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Best f/stop to use for portraits?

Holly Goyea , Oct 23, 2008; 07:23 p.m.

What is the best f/stop to use for portraits? I was told f/8. Thank you!!!!


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Stephen Lewis , Oct 23, 2008; 08:02 p.m.

It varies depending on the effect you desire to achieve, as well as the format you are using (medium format, large format, or 35mm/equivalent). The larger the aperture, the shallower the field of what will be in focus.

Starvy Goodfellows , Oct 23, 2008; 08:04 p.m.

hello holly, this really depends on your subject matter and what you would like to achieve. when you have a large group of people all of whom need to be in focus, a f/8 would certainly be useful to have the entire group in focus. however, the general opinion seems to be that portraits should be flattering and very slightly soft. blurring the background, thus adding a shallowed depth of field adds to the mystique. for this would would need to be around f/2.8 depending on the lens. in my zuiko 100m f/2.8 i never go above f/4 for portraits.

Ted Springer , Oct 23, 2008; 08:47 p.m.

Photography is all about experimentation. Get out there and try the same shot at every single aperture. See which you you like for the subject matter.

Richard Cochran , Oct 24, 2008; 12:42 a.m.

It also depends on your background. In a studio or other situation where you have a controlled, plain, non-distracting background, you may want to use your sharpest aperture, perhaps f/8 or so for 35mm. But outdoors with a somewhat distracting background, something much wider, like f/2 or so may be useful to get a shallow depth of field and blur the distracting background to a smooth appearance.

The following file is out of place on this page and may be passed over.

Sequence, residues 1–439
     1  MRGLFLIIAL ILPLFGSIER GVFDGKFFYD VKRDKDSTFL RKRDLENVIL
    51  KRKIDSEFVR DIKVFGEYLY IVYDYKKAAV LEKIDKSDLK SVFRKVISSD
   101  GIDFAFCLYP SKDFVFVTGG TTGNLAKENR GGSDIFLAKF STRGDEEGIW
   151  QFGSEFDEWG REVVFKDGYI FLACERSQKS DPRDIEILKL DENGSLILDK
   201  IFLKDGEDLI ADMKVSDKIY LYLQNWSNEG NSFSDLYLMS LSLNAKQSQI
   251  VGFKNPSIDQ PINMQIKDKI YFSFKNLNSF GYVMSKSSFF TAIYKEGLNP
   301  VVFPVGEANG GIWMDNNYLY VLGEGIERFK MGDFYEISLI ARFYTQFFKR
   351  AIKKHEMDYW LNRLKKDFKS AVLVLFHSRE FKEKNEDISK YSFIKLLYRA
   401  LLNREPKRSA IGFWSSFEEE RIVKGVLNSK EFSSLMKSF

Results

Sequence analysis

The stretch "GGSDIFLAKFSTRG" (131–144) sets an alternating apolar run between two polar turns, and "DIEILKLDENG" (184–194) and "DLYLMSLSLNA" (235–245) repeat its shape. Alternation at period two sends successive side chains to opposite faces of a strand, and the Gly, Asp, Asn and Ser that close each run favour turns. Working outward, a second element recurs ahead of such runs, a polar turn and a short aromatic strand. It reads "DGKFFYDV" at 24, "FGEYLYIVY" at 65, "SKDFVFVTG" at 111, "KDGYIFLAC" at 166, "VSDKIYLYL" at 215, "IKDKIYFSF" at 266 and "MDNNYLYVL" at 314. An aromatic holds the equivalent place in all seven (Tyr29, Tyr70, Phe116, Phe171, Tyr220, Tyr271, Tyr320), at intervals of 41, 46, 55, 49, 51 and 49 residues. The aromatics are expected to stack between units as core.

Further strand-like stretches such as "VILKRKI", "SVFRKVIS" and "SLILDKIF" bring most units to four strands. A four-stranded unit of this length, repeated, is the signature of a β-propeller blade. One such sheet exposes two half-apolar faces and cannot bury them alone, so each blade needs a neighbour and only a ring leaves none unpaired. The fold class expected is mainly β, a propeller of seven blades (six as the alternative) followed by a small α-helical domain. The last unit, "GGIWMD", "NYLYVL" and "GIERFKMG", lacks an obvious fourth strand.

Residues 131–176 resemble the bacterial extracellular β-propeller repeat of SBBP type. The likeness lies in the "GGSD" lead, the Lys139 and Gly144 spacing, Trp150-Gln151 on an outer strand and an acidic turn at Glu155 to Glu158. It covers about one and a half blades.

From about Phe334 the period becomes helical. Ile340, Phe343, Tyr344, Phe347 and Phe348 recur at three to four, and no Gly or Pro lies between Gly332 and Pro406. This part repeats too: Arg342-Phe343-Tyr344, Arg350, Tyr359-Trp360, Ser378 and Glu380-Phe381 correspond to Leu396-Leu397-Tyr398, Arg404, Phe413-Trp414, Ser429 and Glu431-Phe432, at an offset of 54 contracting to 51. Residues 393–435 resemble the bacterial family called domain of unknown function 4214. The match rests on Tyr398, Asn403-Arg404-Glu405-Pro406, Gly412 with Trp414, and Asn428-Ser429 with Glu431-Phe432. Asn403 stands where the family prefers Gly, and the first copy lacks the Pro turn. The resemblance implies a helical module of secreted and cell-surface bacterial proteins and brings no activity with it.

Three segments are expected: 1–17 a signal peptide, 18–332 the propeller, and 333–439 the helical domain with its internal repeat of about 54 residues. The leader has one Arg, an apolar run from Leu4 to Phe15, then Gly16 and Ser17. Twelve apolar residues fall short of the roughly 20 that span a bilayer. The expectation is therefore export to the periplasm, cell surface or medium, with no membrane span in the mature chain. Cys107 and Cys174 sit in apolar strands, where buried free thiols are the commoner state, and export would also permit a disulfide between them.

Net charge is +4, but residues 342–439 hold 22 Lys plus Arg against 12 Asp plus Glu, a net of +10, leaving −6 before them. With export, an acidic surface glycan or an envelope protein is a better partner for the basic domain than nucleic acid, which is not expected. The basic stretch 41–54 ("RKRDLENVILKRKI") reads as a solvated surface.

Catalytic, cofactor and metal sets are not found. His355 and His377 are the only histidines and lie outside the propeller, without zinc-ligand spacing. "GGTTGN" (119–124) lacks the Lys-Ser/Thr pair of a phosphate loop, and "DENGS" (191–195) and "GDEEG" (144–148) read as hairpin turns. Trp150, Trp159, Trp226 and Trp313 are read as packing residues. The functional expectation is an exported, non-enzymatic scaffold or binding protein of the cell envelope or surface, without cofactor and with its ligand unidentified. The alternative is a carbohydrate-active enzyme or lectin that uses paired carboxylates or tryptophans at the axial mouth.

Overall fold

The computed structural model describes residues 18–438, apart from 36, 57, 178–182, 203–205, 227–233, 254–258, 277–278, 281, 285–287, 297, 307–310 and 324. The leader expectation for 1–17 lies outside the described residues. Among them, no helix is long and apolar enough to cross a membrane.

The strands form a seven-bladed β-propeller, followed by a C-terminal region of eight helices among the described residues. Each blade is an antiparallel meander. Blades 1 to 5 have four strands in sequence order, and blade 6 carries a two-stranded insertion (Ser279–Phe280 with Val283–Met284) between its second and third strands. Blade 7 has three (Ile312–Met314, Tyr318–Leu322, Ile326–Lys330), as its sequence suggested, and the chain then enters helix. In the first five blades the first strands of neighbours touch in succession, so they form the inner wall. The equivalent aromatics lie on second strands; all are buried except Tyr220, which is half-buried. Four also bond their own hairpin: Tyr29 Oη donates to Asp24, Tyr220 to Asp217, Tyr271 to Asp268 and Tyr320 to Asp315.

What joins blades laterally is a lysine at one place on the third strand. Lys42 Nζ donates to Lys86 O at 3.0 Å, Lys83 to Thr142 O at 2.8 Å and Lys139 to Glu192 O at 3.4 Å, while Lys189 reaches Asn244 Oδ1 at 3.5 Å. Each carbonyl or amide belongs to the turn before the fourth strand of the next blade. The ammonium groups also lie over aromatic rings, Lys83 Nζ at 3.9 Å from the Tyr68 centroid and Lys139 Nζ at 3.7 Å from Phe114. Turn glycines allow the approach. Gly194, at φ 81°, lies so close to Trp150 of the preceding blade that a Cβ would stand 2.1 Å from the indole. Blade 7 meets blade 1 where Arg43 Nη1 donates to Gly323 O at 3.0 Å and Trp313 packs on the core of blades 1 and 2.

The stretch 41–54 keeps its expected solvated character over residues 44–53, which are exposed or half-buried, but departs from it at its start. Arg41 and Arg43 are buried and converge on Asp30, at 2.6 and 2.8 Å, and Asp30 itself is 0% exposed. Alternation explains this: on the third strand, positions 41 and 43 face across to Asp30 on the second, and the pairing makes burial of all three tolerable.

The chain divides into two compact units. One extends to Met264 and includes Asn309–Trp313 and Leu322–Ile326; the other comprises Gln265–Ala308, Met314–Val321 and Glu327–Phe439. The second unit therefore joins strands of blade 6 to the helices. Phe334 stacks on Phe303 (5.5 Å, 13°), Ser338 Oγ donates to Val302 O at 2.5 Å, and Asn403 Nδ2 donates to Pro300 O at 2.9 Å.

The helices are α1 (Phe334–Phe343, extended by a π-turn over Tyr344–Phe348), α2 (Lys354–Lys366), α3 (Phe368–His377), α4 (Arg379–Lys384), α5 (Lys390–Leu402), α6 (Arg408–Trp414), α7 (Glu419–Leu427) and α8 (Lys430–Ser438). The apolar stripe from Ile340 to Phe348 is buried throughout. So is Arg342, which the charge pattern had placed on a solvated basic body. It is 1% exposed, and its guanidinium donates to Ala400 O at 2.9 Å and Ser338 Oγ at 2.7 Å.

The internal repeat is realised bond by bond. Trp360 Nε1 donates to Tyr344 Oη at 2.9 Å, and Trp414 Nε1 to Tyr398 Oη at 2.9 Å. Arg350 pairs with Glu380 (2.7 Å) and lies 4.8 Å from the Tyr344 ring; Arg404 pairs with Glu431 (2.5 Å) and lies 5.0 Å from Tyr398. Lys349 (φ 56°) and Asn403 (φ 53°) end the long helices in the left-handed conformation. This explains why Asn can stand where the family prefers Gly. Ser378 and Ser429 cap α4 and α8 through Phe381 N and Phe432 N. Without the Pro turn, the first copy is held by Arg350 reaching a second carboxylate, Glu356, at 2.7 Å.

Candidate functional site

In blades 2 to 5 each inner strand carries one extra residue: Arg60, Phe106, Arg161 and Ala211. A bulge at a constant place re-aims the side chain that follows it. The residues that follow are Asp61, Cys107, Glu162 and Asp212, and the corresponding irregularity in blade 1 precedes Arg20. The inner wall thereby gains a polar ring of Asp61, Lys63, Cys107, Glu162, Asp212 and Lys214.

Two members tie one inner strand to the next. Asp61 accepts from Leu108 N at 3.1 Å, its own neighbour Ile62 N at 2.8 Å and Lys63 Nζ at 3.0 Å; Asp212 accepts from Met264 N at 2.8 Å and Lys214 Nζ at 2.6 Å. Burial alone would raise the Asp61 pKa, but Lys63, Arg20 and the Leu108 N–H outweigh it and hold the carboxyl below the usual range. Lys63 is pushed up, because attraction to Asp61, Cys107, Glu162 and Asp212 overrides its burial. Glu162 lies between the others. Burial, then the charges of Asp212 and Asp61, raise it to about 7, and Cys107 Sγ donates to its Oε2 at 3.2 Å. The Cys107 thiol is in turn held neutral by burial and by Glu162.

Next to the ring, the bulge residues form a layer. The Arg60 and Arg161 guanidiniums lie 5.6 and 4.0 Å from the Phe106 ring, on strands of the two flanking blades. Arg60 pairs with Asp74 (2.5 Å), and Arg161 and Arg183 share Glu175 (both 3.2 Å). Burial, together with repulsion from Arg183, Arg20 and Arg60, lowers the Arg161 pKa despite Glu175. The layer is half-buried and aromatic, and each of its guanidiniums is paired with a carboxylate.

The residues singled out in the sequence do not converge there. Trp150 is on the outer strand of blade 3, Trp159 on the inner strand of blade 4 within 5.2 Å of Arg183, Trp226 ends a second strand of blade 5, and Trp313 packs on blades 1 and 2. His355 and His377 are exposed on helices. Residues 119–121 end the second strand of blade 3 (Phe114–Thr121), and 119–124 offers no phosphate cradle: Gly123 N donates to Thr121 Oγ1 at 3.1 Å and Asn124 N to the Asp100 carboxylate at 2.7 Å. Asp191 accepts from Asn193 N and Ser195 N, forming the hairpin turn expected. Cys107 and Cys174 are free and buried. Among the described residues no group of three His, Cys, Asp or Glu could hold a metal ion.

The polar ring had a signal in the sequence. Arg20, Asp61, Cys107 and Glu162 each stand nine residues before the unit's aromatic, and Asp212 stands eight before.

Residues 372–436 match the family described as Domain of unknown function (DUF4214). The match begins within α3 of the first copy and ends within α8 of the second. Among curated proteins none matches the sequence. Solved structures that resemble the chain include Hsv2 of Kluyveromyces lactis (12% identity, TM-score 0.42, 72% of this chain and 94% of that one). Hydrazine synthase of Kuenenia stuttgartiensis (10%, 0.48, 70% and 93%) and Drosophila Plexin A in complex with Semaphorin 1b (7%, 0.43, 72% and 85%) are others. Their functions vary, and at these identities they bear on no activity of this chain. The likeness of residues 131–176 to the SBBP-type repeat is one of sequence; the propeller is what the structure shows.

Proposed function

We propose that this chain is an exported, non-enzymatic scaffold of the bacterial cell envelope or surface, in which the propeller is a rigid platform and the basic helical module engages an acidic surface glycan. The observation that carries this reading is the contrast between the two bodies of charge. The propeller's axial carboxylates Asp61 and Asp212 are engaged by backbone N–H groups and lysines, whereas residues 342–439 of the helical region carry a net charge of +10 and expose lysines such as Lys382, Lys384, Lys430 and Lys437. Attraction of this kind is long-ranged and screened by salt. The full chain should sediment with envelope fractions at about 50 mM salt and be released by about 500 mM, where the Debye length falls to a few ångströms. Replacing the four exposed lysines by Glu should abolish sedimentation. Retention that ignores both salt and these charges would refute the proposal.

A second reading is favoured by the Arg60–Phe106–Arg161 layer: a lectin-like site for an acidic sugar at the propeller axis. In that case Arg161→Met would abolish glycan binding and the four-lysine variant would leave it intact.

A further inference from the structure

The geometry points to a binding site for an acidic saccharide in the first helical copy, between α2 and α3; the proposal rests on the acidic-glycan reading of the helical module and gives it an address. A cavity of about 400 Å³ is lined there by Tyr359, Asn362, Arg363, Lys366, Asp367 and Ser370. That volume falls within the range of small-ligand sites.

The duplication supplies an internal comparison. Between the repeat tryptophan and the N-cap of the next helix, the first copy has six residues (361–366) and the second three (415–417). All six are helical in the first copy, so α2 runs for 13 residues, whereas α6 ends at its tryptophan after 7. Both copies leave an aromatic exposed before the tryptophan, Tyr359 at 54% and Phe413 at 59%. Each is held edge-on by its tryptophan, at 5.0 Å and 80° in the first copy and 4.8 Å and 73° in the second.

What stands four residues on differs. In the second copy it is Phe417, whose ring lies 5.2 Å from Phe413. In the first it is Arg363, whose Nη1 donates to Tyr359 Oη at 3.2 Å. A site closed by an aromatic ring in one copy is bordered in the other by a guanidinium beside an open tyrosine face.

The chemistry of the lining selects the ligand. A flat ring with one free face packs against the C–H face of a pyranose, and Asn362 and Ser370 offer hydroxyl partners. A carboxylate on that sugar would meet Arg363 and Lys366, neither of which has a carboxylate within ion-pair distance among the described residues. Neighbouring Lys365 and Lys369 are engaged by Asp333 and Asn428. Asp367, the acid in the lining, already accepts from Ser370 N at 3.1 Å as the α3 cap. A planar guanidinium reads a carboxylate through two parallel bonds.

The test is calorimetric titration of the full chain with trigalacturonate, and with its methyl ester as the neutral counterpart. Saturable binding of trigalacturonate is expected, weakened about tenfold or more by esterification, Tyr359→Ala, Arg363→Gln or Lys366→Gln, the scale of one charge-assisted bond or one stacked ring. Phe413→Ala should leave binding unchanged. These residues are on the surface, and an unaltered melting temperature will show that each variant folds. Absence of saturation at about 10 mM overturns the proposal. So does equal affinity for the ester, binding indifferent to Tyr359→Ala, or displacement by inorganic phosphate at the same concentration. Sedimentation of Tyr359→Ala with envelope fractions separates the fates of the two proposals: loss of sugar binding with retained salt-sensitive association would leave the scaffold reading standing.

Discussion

If there were a single best aperture for portraits, then portrait lenses wouldn't come with adjustable diaphragms. Experiment.

Ralph Berrett , Oct 24, 2008; 01:21 a.m.

It depends on what you are shooting, the lighting setup, and what you are trying accomplish. There really is not a single magic bullet f/stops it comes down to what you are trying to achieve.

Lex Jenkins , Oct 24, 2008; 01:54 a.m.

For casual, candid or "environmental" portraiture, a fast lens and shallow depth of field can help you minimize background distractions. To be effective you'll usually want a fast lens that's also sharp wide open, altho' some great portraits I've seen aren't particularly sharp.

With formal portraiture, you have control over the subject's cosmetics, lighting and background, so there's no need to rely on shallow DOF unless it's desired for a specific effect. Most formal or controlled portraiture is shot with a very small aperture to combine maximum DOF and sharpness.

These are really two very different approaches so the best solution depends on which type of portraiture you have in mind.

Lex Jenkins , Oct 24, 2008; 02:00 a.m.

Here's an example of very casual portraiture, closer to candid photography than portraiture, really, in which not only is shallow depth of field used to help separate the subject from the background, but it's not really even particularly sharp due to motion blur.

The delightful artist Nancy Lamb in her Fort Worth gallery.

Dawn Howe , Oct 24, 2008; 04:42 a.m.

in a studio the f stop should be adjusted to your lighting arrangement i can tell you when i worked at sears we were set up at f12 i use f8 now for my own but if your outside it will depend on the lens and available light

Ian . , Oct 24, 2008; 07:53 a.m.

I use as shallow DOF as I can to really throw the background out of focus (i.e. f1.4). Sometimes only the eyes are in focus, but they still work.

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